“Tame your wolf, tame your lupus”
Lupus is an autoimmune connective tissue disease which attacks one or more organs. With variable systemic reactions and complex manifestations, lupus raises significant social challenges in terms of family and employment. So far, there are only few treatment options beyond the basic anti-malarial, corticosteroids and immune-suppressants; all aimed at keeping lupus at bay.
Lupus disease is referred to as a great imitator because it is similar to many other conditions, which sometimes lead to misdiagnosis. Nine out of ten people diagnosed are women. The average age at the time of detection is in the mid-30s, with an average of seven years to reach a diagnosis. About 500,000 people in Europe are diagnosed with systemic lupus erythematosus.
“Tame your wolf, tame your lupus” is the name of the new awareness-raising campaign launch by the patient organization Lupus Europe. “With this campaign we hope to be able not only to increase awareness on lupus, but also to promote better management of people’s lupus and a feeling of empowerment”, said Kirsten Lerstrom, Chair of Lupus Europe. “The idea of taming the wolf is a strong message: it is possible for lupus patients to actively participate in our own care and tame our disease.”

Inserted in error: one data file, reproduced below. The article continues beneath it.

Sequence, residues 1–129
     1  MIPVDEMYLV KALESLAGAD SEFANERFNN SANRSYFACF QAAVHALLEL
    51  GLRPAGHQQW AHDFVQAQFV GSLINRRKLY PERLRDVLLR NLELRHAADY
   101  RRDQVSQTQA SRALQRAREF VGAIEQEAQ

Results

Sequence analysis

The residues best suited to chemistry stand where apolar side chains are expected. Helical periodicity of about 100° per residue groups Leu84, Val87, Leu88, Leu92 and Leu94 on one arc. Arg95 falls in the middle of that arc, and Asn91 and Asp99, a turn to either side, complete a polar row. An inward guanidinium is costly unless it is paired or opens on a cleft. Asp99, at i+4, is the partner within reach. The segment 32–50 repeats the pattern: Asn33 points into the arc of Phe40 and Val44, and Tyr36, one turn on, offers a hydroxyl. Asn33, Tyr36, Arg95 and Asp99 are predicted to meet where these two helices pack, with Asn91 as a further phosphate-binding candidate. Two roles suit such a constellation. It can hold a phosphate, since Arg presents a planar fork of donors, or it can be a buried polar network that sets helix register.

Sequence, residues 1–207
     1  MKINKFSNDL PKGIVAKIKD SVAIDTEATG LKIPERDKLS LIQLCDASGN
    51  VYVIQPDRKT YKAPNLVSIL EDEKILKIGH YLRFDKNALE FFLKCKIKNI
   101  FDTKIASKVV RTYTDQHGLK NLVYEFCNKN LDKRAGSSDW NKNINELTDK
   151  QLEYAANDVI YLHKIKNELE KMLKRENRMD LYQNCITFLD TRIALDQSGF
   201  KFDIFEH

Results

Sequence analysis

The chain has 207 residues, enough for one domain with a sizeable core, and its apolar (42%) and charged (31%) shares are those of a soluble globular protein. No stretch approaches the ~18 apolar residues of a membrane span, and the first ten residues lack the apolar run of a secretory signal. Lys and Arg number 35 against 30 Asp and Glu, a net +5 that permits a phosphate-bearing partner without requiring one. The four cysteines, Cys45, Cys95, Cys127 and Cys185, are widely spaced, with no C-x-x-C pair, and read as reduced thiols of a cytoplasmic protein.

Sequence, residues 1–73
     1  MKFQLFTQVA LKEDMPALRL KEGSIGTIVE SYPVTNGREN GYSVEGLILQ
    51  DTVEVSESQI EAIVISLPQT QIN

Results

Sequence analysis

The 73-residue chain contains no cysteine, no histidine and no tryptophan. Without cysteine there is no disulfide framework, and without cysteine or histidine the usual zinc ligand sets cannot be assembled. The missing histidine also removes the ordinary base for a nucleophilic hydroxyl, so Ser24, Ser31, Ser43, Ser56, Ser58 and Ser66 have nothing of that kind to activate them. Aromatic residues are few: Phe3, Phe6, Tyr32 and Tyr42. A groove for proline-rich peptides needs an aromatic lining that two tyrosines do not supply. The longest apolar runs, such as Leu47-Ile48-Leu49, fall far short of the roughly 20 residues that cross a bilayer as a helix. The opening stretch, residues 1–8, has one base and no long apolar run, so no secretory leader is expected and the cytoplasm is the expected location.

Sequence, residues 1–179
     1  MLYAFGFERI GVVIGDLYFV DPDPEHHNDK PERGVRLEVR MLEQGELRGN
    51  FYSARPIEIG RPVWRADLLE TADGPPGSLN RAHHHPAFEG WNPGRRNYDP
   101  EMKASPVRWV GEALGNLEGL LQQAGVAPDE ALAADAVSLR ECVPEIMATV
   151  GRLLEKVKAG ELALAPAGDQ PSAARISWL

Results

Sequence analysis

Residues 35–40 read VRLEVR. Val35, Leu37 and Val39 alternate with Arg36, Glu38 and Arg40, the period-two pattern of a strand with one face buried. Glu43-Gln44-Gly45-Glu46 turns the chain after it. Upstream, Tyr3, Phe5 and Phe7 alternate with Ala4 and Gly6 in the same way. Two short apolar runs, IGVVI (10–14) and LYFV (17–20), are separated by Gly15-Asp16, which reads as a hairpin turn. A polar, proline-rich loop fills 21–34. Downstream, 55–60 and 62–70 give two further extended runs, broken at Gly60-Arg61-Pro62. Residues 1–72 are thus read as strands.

Change of career, pain and fatigue are the main difficulties associated with lupus: only about half of people with lupus are still in the active workforce a few years after diagnosis. Those who do remain do so on reduced terms: lupus must be tamed!
Despite many clinical trials over the past decade, only one compound has been approved for market by the US Food and Drug Administration (FDA) and the European Medicines Agency (EMA). The one and only new drug for lupus in more than 50 years!
More information: http://lupus-europe.eu/
 C. Gordon et al, Rheumatology, 2013
“The substantial burden of systemic lupus erythematosus on the productivity and careers of patients: a European patient-driven online survey”
 Bertsias G et al, EULAR Recommendations for the management of systemic lupus erythematosus. Report of a task forceof the EULAR Standing Committee for International Clinical Studies Including Therapeutics. AnnRheum Dis2008;67(2):195-205